80% Hydration Sourdough Bread


Homey, heartful bread.



Serves Many

Ready In:

Many minutes



Good For:


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About This Recipe

By: Noriko Shindo

If you don’t have a sourdough starter, try to get one from someone, or make your own (recipe here). Also, I suggest you look through my intro on Starting Sourdough, and Understanding Sourdough to get acquainted with the tools and terms in this recipe. I would also note that this is just one of many ways (and schedules) to bake a loaf of sourdough bread; Something I have landed on that works with my temperament (I can’t do “exact” timings over a long period of time), lifestyle (I have a small baby and a dog that needs attention at specific times of the day), and preferences (I like to eat whole-wheat over processed wheat). The recipe is for 80% hydration which is what I bake, and what I recommend when using majority whole-wheat. However, you can tweak the amount of water vs the indicated flour to 70% if this is your first time as it would be a lot easier to handle with lower hydration.



  • 350g Strong whole-wheat flour
  • 150g Strong white flour
  • 400g (ml) distilled water at room temperature
  • 75g Levain (Starter of 30g Rye Flour, 18g white flour, and 48g water)
  • 10g Kosher or Non-iodized Salt (Sea salt)


This will depend on your flour type, but below is what you get for a large slice of this bread (assuming you get 8 even slices). One fat slice, is more protein than an egg!

  • Protein (helps strengthen bones, heart, and muscles) 30% 30%
  • Iron (Helps function of hemoglobin) 6% 6%
  • Dietary Fiber (helps lower blood cholesterol and aids with constipation) 3% 3%

Step by Step Instructions


On the night before working on the dough, activate the starter (take out of the fridge and feed). You can refer to the sourdough starter recipe to jog your memory of what I mean here.

If you already have an active starter, skip this step.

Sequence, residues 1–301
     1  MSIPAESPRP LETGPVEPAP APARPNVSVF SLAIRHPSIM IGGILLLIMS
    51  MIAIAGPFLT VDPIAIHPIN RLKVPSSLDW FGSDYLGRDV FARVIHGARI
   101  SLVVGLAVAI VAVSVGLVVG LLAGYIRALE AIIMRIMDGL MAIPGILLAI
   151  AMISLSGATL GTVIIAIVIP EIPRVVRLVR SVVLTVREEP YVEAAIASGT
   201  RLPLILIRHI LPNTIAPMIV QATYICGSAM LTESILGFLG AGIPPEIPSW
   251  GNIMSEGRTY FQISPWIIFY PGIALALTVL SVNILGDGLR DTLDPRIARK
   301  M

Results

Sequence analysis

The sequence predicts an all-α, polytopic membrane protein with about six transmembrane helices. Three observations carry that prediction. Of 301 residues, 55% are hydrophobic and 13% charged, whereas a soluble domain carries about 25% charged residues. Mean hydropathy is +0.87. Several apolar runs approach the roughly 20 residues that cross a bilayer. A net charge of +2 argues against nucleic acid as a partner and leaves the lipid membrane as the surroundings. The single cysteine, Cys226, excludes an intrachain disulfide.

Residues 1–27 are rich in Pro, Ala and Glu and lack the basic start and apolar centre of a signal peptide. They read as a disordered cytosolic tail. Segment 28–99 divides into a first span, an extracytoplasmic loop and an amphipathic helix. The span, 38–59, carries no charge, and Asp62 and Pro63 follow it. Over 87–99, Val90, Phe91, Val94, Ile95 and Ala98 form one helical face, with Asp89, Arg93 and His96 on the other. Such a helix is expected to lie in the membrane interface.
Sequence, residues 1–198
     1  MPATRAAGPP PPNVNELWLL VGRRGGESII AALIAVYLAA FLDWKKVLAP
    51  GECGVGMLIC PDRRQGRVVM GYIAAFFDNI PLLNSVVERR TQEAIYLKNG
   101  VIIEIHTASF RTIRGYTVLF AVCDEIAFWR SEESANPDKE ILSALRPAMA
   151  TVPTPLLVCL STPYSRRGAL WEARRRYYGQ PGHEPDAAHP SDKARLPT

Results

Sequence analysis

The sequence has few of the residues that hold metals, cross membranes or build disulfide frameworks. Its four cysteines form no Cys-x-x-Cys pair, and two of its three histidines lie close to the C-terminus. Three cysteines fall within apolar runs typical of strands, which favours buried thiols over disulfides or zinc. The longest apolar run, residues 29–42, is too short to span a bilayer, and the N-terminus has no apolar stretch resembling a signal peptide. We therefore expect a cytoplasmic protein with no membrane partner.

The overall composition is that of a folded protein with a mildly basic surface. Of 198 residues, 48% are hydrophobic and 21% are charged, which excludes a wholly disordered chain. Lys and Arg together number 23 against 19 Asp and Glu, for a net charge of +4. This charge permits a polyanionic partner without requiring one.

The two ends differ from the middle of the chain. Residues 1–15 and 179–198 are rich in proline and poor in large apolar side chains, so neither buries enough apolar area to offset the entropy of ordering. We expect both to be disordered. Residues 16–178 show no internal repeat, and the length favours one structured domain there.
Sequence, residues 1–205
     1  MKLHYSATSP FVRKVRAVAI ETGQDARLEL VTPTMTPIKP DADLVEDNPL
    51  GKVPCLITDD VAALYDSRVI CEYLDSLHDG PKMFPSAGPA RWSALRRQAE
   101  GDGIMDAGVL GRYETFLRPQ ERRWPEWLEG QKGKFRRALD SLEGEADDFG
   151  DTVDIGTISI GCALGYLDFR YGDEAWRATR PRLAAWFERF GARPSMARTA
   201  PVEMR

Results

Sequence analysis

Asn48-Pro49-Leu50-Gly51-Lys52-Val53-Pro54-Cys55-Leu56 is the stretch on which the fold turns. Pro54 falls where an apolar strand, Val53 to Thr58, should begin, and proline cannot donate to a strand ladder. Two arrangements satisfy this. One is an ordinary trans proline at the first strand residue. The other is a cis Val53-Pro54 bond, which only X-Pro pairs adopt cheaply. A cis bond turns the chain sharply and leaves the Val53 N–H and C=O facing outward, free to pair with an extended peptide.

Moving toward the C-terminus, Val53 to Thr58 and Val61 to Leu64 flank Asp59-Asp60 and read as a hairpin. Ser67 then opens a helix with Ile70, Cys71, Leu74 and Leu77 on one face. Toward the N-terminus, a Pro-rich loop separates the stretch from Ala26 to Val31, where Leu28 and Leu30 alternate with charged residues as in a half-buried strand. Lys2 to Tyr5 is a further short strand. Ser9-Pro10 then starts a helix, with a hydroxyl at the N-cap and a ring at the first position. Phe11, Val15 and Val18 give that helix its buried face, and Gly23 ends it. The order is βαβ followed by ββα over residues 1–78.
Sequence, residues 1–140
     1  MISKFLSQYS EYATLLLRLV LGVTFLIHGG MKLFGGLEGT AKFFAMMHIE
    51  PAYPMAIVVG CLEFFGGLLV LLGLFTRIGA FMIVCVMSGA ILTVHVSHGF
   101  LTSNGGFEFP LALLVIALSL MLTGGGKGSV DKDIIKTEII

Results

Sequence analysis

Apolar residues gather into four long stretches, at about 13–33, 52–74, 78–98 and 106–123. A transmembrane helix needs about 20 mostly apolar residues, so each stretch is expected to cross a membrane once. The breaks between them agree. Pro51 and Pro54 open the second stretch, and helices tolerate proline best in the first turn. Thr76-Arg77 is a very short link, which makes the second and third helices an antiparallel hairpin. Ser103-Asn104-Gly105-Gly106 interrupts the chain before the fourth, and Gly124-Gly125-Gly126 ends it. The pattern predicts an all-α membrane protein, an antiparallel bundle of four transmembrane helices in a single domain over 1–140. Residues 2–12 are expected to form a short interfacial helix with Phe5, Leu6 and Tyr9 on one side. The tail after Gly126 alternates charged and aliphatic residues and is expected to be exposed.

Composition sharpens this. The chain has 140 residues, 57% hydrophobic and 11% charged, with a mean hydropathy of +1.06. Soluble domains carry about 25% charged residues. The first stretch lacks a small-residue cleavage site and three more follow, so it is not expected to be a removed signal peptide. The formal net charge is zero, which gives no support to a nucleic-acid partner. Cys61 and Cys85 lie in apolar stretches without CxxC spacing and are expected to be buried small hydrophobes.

On the morning of working on the dough, empty your starter jar leaving 5-10 grams of the starter still inside, and add 30g Rye flour, 18g white flour, and 48g water to the jar and mix thoroughly. This should yield at least 75g of levain. In a separate large mixing bowl, add the whole-wheat, white flour, and water and mix thoroughly to autolyse. Leave both the jar and the bowl (covered) in a warm place until the levain has risen to 2-3 times the original height (see picture).


On a warm day, STEP 2 takes 2 hours. On a cold day, it may take up to half a day. Once you see that the levain is 3 times the original height, add 75g of levain to the bowl, as well as the salt. Mix the dough using the stretch and fold; Stretch a handful of the dough up (see picture), then fold it over the dough and let go (see picture again). Turn the bowl 90 degrees clockwise and repeat this stretch and fold 4-5 times until you have ‘turned’ the dough 360 degrees (see photo for finished state).


Repeat STEP 3 every 30-45 min until the dough has developed. You can test using the windowpane method. I usually require 3-4 cycles. Once the dough is developed enough, leave covered for 3-4 hrs, or overnight in the fridge to ferment. Once you see bubbles on the surface, the dough has achieved minimal fermentation. I like to leave for longer, slower, hence the overnight stay in the fridge.


On the following morning, empty the bowl to a floured surface and gently flatten into a square. Lightly flour the surface of the dough and shape the dough by folding from top to bottom, then turning that in to form a ball (see picture). Leave for at least 20 min.


Flour the banneton (or basket with a cotton pillowcase) generously and gently flatten out the dough again on a floured surface. Lightly flour. Again, fold the dough from top to bottom, then turning that inside itself. This time, also turn the dough using the spatula, to make the surface of the dough ‘tight’. You should end up with a smooth surfaced ball (see picture).


Transfer the dough to the banneton with the smooth surface down, and the bottom of the dough facing up. Flour generously, cover with a cotton towel, and leave in the fridge for 2-3 hrs. Do a poke test every hour to capture when the proofing is complete.


Pre-heat the oven (including the empty Dutch oven if you are using it), to 250c. Transfer the dough (with bottom facing down) to a baking tray or the Dutch oven, score with a sharp knife or lame, and bake in the oven for 20 min. Take the lid off the Dutch oven, and bake for another 20 min at 230c degrees.


Take out of the oven. If you knock the underside of the bread, and it sounds hollow, you are done baking. Leave to cool on a rack for at least an hour before cutting/eating. This last step is still important to thoroughly cook the dough.

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